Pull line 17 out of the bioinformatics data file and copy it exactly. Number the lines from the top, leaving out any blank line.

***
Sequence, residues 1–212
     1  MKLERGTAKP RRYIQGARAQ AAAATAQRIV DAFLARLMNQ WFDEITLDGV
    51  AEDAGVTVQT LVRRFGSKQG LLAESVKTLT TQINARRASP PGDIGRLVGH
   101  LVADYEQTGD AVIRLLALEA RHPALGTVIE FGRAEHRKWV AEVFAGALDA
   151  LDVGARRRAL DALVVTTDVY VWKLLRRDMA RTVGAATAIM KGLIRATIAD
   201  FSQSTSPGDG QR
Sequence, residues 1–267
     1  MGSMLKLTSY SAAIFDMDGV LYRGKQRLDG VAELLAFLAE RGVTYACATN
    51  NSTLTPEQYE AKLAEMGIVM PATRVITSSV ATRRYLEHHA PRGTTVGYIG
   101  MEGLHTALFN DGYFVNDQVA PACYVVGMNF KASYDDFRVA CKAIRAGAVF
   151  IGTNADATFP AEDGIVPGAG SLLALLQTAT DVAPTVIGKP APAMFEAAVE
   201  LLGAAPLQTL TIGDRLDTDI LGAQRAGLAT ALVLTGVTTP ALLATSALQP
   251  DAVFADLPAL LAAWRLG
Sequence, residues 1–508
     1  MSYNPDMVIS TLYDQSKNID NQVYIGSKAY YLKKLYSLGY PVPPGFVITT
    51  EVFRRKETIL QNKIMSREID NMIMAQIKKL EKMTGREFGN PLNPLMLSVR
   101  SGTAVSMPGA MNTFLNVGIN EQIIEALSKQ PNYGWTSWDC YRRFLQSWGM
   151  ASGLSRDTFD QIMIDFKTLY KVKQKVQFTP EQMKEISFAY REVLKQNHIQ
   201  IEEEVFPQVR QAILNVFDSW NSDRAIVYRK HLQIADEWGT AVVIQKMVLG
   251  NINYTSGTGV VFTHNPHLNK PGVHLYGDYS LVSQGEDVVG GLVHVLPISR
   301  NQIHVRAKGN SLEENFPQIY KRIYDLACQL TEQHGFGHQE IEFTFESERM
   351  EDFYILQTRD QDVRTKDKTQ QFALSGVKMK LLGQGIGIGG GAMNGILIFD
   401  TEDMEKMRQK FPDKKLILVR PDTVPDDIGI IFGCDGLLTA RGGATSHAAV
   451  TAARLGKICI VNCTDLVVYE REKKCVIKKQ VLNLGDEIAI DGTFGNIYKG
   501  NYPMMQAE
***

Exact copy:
   101  SGTAVSMPGA MNTFLNVGIN EQIIEALSKQ PNYGWTSWDC YRRFLQSWGM